That Williams is based in Washington State is no surprise. The overcast shades of "Wasp Passage" reflects the state's rainy clouds, and images of the ocean and water in general are what the imagination consistently triggers as the record unfolds. The meditative "Speiden" is among the highlights contained within, a relatively long, epic journey that is awash in various shifts of tone. Williams describes this music as "Quiet Guitar," but there's no denying the weight of emotions that is carried by this fragile beauty.

Misc. Reviews

"Finally an artist who can play the guitar, the way it was meant to be played" --Airomee Wind-- – Airomee Wind

"Finally an artist who can play the guitar, the way it was meant to be played"

Great Acoustic Instrumental Blues – Amazon.com Ija Huizinga (The Netherlands)

This instrumental blues fingerpicking CD from John Williams (not the classical guitar master with the same name), is very good, and some of the songs are in the same style as the great fingerpicker, Tommy Emmanuel.

Only too bad that the CD is only 31 min , and there is no cover. But a CD like this is rare,and a must for the acoustic blues fan.

Reviews – CDBaby

Anyway, just wanted to drop you a line that I got your album and it's great. All these years working in entertainment has made it so easy to cut through all the bullsh- that's out there, it's nice to hear real players.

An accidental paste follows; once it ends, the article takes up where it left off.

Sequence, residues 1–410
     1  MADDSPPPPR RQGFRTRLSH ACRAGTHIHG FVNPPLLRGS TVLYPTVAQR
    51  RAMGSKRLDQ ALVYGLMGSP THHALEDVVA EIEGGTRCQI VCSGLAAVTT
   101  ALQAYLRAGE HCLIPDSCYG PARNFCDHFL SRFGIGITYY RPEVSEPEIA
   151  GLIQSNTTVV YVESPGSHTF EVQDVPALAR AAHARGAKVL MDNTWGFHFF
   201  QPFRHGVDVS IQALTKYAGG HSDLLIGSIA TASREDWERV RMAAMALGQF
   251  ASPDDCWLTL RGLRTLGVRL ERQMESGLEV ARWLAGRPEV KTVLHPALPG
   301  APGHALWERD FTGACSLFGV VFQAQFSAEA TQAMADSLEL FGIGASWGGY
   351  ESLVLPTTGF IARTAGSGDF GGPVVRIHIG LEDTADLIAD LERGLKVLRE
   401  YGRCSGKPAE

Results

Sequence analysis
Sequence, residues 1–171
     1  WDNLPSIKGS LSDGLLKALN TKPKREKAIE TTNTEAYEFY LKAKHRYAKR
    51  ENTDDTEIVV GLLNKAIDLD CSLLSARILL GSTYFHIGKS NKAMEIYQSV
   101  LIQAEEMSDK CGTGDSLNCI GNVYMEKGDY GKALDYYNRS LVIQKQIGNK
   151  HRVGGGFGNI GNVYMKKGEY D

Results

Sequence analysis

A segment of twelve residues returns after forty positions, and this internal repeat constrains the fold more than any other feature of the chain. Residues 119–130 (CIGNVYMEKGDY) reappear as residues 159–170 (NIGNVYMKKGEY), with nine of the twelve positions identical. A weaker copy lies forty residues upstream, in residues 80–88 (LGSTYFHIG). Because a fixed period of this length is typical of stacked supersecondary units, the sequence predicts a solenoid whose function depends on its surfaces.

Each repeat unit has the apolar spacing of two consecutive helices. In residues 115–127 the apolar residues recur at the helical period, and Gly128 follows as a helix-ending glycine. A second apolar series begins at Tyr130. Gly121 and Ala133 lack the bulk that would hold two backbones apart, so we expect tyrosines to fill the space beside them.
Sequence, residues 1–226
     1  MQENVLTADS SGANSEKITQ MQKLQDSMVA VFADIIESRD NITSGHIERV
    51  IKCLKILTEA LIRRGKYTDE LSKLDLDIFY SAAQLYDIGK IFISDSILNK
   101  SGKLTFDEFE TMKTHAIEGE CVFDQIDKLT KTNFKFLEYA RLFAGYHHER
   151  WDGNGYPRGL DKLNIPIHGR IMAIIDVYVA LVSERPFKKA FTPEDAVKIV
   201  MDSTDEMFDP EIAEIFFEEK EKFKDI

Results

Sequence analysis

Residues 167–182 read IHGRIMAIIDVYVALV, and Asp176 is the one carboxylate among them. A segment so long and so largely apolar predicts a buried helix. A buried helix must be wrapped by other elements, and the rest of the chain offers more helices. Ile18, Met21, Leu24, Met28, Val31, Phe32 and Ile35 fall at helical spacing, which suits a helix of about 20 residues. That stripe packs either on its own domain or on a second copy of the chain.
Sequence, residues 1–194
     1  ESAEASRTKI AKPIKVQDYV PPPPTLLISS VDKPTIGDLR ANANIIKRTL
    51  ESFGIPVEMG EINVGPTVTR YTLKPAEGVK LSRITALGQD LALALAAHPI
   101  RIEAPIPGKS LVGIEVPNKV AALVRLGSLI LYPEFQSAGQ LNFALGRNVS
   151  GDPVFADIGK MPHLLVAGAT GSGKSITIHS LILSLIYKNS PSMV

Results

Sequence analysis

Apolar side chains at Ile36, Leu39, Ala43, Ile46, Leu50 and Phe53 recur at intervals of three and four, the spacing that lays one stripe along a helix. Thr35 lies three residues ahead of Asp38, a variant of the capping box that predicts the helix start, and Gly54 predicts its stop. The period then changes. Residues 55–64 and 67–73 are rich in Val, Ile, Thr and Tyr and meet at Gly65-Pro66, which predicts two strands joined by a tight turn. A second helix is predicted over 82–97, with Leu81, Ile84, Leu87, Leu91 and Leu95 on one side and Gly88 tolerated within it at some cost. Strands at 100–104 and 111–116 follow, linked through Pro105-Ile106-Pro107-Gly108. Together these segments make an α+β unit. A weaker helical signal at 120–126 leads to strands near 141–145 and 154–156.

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Absolutely brilliant guitar playing by the way!

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Wow!

I'm a man of few words...

That word almost describes how impressed I am with your CD. All the blues tunes are so well done, but track 7 just absolutely blows me away!

Do you have any of these songs tabbed out? Will you adopt me? I would love to learn to play like you...

Thanks, John for some absolutely wonderful tuneage.

John Chamberlain

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The stuff you are doing is really incredible. I remember hearing read Keith Richards say the first time he heard Robert Johnson he thought there were two guitars and only afterwards he knew it was just one doing the rhythm and the licks altogether.

Well, it happened the same to me when I heard your music.

David Cifuentes

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Thank you for posting this to the UK and after a quick listen to a few tracks before work today, it sounds like it's going to be on my CD player a lot!

Best regards,

John Loader